'I realised you can't always dwell on the negative'
Farm contractor Andy Nolan's sought help after battling with depression in his 20s, writes Claire Fox
Feelings of worthlessness and no confidence that plagued farm contractor and Macra member Andy Nolan from Luggacurren, Co Laois through most of his 20s culminated in the young man's battle with depression coming to a head last year.
Following a break-up three years ago, Andy says that he became a social recluse and began avoiding people, throwing himself into his work.
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"I had a feeling of being in bad form and not able to shake it off. I felt like a burden to people and just worked all the time. The only time I wasn't working was when I went to Mass on a Sunday," says Andy.
"I used to sit in my car and dread going in to work. I really had no confidence."
With his feelings of despair growing and growing, Andy realised last November that he needed to get help and decided to go for counselling.
"I realised that I couldn't go on the way I was going. I knew I needed help."
After trying out a couple of different counsellors, Andy slowly began to feel more himself.
"The counsellor said to me you've a negative side and a positive side and that the negative side can win hands down without any help and that you need to work hard on maintaining your positive side," says Andy, who successfully completed his Green Cert last year.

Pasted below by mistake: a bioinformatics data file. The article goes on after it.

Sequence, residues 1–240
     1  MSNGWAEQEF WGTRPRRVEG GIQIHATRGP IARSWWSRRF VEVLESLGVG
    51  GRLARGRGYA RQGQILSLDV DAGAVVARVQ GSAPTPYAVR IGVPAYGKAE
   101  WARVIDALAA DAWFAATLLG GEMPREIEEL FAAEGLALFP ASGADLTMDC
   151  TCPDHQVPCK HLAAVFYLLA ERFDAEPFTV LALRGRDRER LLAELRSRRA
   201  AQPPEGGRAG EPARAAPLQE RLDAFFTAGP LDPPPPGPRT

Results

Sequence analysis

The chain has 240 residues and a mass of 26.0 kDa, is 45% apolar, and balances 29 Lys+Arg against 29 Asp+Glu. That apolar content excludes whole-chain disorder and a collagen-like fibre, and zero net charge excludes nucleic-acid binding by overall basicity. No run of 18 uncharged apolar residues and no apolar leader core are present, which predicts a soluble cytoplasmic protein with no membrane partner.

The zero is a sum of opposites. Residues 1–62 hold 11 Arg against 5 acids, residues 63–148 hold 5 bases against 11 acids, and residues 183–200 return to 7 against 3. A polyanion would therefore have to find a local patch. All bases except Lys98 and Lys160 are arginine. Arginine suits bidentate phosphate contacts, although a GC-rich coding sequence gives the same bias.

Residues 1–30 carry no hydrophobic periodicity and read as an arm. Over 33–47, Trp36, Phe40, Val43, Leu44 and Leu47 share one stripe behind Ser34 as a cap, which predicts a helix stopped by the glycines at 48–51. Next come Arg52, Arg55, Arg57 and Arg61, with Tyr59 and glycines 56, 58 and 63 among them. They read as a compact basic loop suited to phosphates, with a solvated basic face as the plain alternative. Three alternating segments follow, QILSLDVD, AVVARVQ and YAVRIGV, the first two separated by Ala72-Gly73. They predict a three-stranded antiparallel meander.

"I gradually realised that you need to be thankful for your family and friends and not always dwelling on the negative, this isn't easy to see when you're in the situation though."
Andy uploaded a video on his Facebook page in June, informing people of his own battle with depression and urged people who are feeling depressed or anxious to open up and talk.
"I wanted to show people that they can feel OK again. There's such stigma there and I thought if the video could help at least one person then it would be worth it.
"I also wanted people whose friends or family might have depression to realise how important it is for people to have someone to listen to them.
"People are sometimes afraid to ask how you are coping and sometimes when the question is asked, it can create an awkward moment which is gotten over with quickly. Friends don't have to have answers but just by them being there and listening is worth a million euro in the bank to a person."
As competition officer with East Laois, Macra member Andy adds that he has come out of his shell more and more. "There's a great network of people in the club and region," he says. "There's always something to get involved with."
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